In her post-conference column, where she, like Dershowitz, related her own version of how things unfolded, Glick invoked the Post’s readers. These readers, she said, “have educated themselves in the realities of Israel and the region and pay attention to those realities.”
WHICH IS not the entire reality.
Readers of the Post, like all people, no matter what their political persuasion, usually educate themselves not so much in realities but in the selection and filtering of these realities, thus developing perceptions that best frame their views. It’s no secret that we tend to turn to news and other media outlets that most closely validate our existing beliefs, tastes and values.
From calling a certain narrative “reality,” it is a short hop to declaring that you are right and everyone who thinks differently is wrong – end of story. Which is the real problem we’re now facing: We no longer talk with one another as much as we talk at one another, and the atmosphere is getting ugly.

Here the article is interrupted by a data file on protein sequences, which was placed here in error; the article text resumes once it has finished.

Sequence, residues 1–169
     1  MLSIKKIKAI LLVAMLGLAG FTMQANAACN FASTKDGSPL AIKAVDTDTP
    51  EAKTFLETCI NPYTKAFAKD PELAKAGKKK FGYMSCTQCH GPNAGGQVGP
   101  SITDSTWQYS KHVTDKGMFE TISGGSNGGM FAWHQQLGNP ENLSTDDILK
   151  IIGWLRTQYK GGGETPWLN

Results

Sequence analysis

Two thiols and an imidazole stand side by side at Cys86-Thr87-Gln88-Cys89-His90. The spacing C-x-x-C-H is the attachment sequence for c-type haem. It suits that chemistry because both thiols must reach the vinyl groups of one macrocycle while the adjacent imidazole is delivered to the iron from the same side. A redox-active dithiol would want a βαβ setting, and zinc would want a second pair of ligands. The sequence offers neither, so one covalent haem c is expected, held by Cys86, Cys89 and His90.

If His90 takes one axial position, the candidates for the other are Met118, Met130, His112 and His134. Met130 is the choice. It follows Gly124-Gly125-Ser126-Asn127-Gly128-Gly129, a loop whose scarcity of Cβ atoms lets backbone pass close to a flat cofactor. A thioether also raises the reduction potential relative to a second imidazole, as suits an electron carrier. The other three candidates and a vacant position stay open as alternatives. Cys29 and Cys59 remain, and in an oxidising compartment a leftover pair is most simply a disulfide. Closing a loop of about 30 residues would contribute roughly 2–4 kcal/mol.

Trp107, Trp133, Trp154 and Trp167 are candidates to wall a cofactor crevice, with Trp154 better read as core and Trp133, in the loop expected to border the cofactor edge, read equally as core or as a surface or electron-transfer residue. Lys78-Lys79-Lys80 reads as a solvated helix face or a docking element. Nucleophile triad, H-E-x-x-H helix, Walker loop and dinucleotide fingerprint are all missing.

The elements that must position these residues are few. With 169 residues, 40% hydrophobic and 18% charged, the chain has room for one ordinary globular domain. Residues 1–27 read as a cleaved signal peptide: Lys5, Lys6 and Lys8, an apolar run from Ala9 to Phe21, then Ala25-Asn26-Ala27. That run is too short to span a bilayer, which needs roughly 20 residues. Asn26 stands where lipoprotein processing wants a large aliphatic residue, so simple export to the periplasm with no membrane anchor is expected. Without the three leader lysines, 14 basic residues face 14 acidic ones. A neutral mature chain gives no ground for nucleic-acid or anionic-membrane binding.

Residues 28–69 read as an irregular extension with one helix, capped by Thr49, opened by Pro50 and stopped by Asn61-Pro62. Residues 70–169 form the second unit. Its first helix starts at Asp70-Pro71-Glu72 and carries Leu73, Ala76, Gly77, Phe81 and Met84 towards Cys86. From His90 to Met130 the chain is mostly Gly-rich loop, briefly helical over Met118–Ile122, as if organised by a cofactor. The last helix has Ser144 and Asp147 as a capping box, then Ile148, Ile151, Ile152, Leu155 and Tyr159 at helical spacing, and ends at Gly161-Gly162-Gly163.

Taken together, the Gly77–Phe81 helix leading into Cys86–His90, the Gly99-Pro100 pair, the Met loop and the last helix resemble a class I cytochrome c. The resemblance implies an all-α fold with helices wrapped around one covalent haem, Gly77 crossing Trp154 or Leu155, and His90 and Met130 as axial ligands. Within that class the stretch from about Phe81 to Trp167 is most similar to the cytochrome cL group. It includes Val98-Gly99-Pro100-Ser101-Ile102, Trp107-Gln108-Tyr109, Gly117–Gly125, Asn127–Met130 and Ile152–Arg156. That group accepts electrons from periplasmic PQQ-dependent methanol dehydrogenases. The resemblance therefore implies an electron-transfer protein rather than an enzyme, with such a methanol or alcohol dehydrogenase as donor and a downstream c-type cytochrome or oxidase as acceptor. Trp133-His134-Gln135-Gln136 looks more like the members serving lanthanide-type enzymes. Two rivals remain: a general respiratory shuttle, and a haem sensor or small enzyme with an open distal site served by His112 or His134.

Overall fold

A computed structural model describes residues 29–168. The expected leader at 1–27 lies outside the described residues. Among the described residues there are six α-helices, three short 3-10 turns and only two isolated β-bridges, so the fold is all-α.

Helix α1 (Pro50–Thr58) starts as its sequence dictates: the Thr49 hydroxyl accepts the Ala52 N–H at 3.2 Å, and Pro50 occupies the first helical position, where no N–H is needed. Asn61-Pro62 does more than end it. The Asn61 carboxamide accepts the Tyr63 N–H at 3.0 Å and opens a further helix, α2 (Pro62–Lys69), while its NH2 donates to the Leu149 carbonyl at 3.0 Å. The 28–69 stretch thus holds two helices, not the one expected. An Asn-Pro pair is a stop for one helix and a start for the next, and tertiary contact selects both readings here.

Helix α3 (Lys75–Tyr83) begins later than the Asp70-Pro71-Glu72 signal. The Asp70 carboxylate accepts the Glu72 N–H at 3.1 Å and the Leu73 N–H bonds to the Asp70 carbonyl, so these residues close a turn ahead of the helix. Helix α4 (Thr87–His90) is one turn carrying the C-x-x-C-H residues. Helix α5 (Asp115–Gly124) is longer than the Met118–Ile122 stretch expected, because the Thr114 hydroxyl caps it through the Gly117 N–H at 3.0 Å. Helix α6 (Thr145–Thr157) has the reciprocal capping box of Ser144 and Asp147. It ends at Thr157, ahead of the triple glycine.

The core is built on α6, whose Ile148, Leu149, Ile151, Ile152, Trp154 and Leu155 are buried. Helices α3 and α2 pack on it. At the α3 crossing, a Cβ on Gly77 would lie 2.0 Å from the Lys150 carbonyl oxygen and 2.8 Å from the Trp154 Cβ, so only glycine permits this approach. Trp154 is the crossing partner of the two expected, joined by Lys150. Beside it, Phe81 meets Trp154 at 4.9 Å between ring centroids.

It’s a problem, too, because we should realize that there is very little in the way of absolute right and wrong. It’s almost all a matter of priorities, and if we don’t come to understand that for some people settlements are paramount while for others it’s defense and for yet others it’s human and civil rights, and that these priorities provide the center of gravity for their views, we’ll have lost one of the great nuances that should be part of every critical yet fair and open search – not for what is right but for what is wise.
My friend and Post colleague Yaakov Katz, who moderated the New York gathering, wrote in a post-conference op-ed of his own: “The outcome should not scare us. Either we will have our opinions reinforced or we might just become aware of a different and new narrative. Either way, we can only gain. If the Post just told us what we wanted to hear, then what good would it be doing?” I’ll take that one step farther. If we are past the point of debate and interested only in promoting our views while drowning out those of all others, then we as Zionist Jews might as well pack it in because, with the way things are going in this part of the world, now is hardly the time for a smackdown.